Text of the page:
A Project of the Idaho GenWeb


Shoshone Paiute Tribes
of the Duck Valley Indian Reservation

Over the years I have visited many Tribal homepages and read their history.  The video below is without a doubt the best explained Tribal History I have ever seen.  Please take a few minutes and listen to them.

 

 

 

The Duck Valley Indian Reservation was established as a homeland for members of both the Shoshone and Paiute tribes of Native Americans. It lies on the state line between Idaho and Nevada in the western United States. The reservation, which is in the shape of a square, is almost evenly divided in land area between the two states, with the northern 50.2 percent lying in southern Owyhee County, Idaho and the southern 49.8 percent lying in northwestern Elko County, Nevada. The total land area is 1,166.508 kmē (450.391 sq mi) and a resident population of 1,265 persons was reported in the 2000 census, over 80 percent of whom lived on the Nevada side. Its only significant community is Owyhee, Nevada.

Time Line History
Definitions: Newe people = western Shoshone; Numa people = Paiutes

1820s First contact with the whiteman, who crossed the Rocky Mountains and Great Basin as they headed for the west coast.
1848 Gold discovered in California, which increased white traffic. Era of treaty making with the Shoshone, Paiutes, Bannocks, Utes, and Goshutes to protect the route the white travelers used to enter and exit California.
1855 August 7, 1855--First treaty with the western Shoshone. However, it was not ratified by Congress and as a result the U.S. Government never recognized it, although the Shoshone accepted and continued to hold to the treaty.
1860s Silver mines opened in Nevada, which brought more white people into Newe and Numa country, pushing the Indians into canyons and mountains.
Start of Civil War. Gold and silver mines became more important to the northern government, which resulted in increased protection by the soldiers of the route to the west through Newe and Numa lands. The army built forts at different locations--Fort Halleck (on the Humboldt River near Starr Valley, Nevada), Fort Ruby (in Ruby Valley, Nevada), and Fort McDermitt (on present Nevada-Oregon border).
1863 July 30, 1863--The northwestern Shoshones signed the Box Elder Treaty. The Treaty of Ruby Valley was signed with the western Shoshone. The treaty was known as the Treaty of Peace and Friendship.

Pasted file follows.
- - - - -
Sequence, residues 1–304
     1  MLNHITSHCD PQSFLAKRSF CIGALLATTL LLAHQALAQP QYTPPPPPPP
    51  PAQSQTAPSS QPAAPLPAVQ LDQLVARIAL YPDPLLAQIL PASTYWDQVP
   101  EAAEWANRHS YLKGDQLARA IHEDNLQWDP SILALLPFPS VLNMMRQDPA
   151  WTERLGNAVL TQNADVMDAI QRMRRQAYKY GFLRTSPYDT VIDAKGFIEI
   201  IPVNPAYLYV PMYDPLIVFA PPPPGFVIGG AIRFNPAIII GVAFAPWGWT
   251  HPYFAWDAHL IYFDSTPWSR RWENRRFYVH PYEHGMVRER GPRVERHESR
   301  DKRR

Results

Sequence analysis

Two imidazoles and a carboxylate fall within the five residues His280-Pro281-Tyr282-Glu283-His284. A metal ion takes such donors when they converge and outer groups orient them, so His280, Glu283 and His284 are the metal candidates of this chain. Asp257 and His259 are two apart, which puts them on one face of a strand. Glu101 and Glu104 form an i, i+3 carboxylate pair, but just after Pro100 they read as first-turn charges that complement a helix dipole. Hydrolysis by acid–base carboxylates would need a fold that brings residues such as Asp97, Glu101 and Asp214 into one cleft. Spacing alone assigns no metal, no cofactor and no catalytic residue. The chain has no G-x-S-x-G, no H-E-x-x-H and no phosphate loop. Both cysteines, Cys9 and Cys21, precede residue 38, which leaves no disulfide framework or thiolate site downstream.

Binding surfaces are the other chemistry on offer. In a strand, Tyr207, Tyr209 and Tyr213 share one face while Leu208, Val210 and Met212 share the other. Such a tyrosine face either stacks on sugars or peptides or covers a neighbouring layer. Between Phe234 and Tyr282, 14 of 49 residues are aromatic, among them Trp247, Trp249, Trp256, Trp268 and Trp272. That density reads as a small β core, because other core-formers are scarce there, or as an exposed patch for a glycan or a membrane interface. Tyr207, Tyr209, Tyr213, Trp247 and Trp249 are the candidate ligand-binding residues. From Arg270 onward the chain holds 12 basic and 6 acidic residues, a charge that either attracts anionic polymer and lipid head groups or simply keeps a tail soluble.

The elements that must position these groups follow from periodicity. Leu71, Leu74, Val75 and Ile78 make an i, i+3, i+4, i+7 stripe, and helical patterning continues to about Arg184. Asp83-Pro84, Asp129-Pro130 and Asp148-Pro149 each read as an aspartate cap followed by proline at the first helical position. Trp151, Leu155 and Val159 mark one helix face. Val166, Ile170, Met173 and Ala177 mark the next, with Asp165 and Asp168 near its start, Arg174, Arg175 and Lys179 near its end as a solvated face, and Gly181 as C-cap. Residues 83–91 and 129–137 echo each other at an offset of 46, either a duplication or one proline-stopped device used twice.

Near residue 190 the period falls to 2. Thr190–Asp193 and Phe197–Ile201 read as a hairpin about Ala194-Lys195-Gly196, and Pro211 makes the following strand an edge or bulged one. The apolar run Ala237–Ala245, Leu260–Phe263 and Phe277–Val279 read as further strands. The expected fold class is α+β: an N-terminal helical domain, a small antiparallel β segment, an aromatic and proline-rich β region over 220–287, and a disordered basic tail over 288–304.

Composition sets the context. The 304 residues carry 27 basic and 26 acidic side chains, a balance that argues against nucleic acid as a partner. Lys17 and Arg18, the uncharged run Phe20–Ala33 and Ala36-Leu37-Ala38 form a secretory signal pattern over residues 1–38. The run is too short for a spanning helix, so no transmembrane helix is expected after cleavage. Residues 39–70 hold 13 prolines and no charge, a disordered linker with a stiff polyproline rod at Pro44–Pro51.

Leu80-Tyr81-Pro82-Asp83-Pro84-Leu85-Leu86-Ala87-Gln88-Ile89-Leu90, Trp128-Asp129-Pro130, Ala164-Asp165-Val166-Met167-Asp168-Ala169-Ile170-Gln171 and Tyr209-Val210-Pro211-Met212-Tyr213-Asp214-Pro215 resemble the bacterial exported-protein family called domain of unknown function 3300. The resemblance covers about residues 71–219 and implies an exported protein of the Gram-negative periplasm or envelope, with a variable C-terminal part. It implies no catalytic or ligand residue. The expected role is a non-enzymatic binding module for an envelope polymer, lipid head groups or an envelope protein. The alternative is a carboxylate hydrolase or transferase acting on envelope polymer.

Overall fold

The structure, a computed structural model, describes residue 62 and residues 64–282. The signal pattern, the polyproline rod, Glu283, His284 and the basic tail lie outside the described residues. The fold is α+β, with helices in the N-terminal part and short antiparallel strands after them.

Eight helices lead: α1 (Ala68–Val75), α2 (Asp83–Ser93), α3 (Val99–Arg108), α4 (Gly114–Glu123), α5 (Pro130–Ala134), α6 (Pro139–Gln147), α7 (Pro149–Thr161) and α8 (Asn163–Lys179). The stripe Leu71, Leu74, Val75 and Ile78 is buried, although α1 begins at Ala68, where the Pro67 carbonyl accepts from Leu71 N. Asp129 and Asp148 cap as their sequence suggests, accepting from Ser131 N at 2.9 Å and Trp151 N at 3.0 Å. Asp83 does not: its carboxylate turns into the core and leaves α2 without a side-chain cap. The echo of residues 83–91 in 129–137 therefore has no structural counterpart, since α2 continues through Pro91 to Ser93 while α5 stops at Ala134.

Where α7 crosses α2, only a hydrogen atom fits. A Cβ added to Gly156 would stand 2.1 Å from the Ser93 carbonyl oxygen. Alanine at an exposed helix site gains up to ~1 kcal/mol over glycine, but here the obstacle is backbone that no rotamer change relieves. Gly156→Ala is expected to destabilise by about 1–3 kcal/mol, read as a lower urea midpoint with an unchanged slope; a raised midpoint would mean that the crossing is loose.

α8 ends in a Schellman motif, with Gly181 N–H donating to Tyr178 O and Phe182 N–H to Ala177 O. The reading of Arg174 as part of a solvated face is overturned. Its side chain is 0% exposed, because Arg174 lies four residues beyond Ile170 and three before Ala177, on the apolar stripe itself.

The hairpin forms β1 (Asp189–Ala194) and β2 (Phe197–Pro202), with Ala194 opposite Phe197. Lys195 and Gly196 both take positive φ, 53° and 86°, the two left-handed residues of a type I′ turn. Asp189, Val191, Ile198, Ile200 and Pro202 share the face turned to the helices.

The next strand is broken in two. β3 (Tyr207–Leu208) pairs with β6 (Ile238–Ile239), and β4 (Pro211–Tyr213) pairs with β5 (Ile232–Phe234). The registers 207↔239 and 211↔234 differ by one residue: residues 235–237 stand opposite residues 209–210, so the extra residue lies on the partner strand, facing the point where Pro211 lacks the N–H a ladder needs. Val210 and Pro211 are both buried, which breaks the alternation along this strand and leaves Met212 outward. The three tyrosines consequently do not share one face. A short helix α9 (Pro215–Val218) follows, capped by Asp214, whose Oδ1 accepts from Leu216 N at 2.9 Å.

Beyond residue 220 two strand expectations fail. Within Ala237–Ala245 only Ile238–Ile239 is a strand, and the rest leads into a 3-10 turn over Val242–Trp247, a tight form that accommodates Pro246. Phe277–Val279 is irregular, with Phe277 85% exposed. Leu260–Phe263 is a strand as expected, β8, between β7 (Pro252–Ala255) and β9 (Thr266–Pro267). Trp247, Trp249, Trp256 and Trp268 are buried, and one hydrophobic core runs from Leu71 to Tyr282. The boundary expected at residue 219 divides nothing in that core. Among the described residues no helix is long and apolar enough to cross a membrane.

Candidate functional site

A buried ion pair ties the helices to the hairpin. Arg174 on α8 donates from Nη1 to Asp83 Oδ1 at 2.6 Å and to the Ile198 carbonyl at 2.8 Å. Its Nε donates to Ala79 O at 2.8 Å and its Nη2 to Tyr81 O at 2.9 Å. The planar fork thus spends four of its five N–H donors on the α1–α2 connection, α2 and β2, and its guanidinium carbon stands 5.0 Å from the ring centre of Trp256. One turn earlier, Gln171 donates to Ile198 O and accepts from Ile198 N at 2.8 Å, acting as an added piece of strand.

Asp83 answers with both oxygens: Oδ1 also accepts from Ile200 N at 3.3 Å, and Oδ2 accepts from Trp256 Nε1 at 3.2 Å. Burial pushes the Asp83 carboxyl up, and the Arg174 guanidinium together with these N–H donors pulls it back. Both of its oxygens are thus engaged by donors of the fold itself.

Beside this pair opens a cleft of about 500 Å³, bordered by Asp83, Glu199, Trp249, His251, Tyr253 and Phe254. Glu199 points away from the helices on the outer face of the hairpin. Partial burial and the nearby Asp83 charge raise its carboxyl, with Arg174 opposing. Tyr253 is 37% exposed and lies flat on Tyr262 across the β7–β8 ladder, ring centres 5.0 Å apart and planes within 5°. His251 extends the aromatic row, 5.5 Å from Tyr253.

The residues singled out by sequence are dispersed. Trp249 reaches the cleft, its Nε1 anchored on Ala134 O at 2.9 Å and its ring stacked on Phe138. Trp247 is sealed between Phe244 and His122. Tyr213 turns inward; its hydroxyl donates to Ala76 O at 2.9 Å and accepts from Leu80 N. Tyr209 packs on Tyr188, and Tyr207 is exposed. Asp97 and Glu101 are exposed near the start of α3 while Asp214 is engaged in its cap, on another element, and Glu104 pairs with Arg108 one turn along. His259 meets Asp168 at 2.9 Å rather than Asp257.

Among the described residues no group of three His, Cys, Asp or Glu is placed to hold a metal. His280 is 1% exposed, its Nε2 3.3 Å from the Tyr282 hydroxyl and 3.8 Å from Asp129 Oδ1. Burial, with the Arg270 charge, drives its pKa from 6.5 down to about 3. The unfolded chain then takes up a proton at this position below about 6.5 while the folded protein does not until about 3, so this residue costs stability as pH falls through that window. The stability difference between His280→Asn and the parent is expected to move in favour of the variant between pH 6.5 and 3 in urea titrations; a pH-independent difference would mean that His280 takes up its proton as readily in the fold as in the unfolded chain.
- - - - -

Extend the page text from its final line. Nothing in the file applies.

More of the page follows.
1865 A treaty with three Bannock bands and one western Shoshone band was signed. These Indian bands occupied the Bruneau Valley and the Boise Valley area.
1866 The treaty of 1866 contained questionable terms which had to be renegotiated concerning the Indians' land cession. Governors changed before the matter was finalized. The new governor wanted one agency for the Indians in southern Idaho, rather than several which were under consideration. The three Bannock bands (the Boise, Bruneau, and Camas Bannocks) accepted the move to the Shoshone-Bannock reservation at Fort Hall.
1877 Two reservations were set aside for the western Shoshones (34 bands). One was the Carlin Farms comprised of 51.61 acres which was created by an Executive Order. The whites claimed that they had occupied the land before the Executive Order was signed, and on January 16, 1879 the Carlin Farms Reservation was rescinded. Establishment of Duck Valley Reservation, which was partly in Nevada and partly in Idaho (20 miles long and 17 miles wide).
1881 First school erected (had 25 students). During this time the Duck Valley Reservation was enlarged to 400 square miles, or 256,000 acres.
1887 General Allotment Act of 1887 alloted land to Indians, but it was designed to end tribal life by opening the remainder of reservation lands which were not alloted to non-Indians.
1900 A census survey of the Duck Valley Reservation showed a population of 224 Shoshones and 226 Paiutes with a population of 450.
1904 September 10, 1904--First telephone line was constructed, and connected the Agency with Elko, Nevada, which was one hundred miles away.
1936 Wildhorse Reservoir was built between 1936 and 1937, which dam helped solve the problem of a dwindling water supply from the Owyhee River on the reservation.
1967 In 1967 to 1969, a new dam was built at the same site as the old one.

*Taken from Idaho Indians Tribal Histories, Idaho Centennial Commission and the Idaho Museum of Natural History, 1992; and from A History of the Shoshone-Paiutes of the Duck Valley Indian Reservation, by Whitney McKinney, the Institute of the American West and Howe Brothers, 1983.

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